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WASHINGTON - As President Obama and Congress debate ways to avert a pending fiscal crisis, the country broadly agrees that they need to cut federal budget deficits. There's solid support for raising taxes on the wealthy, but those tax increases alone wouldn't solve the problem. And cutting spending is extremely difficult.
Look in the mirror for the key to the problem: An ever-increasing number of Americans get a piece of federal spending.
Nearly 150 million Americans -- 49 percent -- receive some government benefit. That includes Social Security, veterans' benefits, Medicare or Medicaid and food stamps, according to Census Bureau figures from last year, the most recent available.
80 million get help from Medicaid, the health insurance for the poor
49 million get Social Security
48 million get food stamps
45 million get Medicare.
Beyond that, there are price supports for farmers. Money for schools. Road, bridge and highway construction programs that employ thousands.
"It's really quite simple: People who get the spending like to keep getting it," said veteran Washington budget analyst Stan Collender.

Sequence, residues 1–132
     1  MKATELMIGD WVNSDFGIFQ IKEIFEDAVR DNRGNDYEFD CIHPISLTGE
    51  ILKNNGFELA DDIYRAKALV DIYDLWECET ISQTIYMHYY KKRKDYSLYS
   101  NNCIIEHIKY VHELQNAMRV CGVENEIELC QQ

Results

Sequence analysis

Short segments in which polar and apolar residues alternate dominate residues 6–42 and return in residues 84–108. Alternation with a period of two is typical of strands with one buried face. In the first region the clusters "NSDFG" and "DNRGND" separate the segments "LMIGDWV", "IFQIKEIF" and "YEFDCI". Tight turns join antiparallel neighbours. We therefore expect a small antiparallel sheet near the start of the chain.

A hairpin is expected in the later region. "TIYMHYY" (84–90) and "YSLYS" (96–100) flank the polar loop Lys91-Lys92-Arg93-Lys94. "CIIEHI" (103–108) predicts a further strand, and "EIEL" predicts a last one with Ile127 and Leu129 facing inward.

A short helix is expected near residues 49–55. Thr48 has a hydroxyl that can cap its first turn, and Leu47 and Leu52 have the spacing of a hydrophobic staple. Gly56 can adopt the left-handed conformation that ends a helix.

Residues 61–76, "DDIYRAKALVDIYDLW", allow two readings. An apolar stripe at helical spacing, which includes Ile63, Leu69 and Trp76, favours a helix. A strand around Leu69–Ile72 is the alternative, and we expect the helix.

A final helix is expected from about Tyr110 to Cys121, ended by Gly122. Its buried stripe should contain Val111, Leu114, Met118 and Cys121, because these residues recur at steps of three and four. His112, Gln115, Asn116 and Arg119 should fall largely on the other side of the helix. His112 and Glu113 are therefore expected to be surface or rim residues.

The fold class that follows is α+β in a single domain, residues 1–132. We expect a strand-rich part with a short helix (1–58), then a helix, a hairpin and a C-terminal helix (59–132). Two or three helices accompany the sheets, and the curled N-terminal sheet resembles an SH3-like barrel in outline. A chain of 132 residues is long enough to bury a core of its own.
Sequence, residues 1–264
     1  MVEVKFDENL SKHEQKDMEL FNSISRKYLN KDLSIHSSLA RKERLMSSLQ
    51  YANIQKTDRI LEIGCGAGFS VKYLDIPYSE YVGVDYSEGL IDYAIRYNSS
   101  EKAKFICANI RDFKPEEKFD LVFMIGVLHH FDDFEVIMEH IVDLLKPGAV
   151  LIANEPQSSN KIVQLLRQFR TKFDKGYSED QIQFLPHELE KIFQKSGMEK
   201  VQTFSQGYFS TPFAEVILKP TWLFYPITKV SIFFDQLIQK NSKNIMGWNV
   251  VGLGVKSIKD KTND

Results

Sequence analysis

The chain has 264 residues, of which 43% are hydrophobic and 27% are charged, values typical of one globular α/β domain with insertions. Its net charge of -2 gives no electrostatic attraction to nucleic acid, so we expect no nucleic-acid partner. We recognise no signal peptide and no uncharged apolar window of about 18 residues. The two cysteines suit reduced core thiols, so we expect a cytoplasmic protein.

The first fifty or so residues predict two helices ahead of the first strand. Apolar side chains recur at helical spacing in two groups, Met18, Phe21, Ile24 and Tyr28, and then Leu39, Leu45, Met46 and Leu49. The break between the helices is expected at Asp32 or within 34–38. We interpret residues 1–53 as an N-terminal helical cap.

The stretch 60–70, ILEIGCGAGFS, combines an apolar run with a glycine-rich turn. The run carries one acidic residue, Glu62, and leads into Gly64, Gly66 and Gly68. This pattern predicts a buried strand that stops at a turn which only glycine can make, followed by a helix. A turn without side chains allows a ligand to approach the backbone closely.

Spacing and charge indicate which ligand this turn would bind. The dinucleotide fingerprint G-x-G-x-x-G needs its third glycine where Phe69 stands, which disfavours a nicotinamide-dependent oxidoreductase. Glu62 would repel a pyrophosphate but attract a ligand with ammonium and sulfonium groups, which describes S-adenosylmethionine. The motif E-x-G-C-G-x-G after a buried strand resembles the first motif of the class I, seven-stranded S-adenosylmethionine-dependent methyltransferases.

Numerous polls show widespread enthusiasm for cutting spending in general, but there's resistance to specific trims, he said.
"With the possible exception of foreign aid, and every once in a while NASA, almost nothing has a majority of support for cutting," Collender said. "If you read the public opinion polls, Americans don't want their government to do less, they just want it to cost less."
Indeed, a recent McClatchy-Marist Poll found overwhelming opposition to every option mentioned to cut spending. Fully 85 percent of voters oppose any reductions in Medicare, for example. Fifty-nine percent oppose raising the eligibility age for Medicare. The opposition cuts across party lines, with a majority of Republicans joining Democrats in opposing cuts to Medicare or Medicaid.
Federal spending sent to individuals for entitlements such as food stamps, Medicaid, Medicare and Social Security has more than doubled as a share of the federal budget, from 25 percent in 1960 to more than 60 percent today.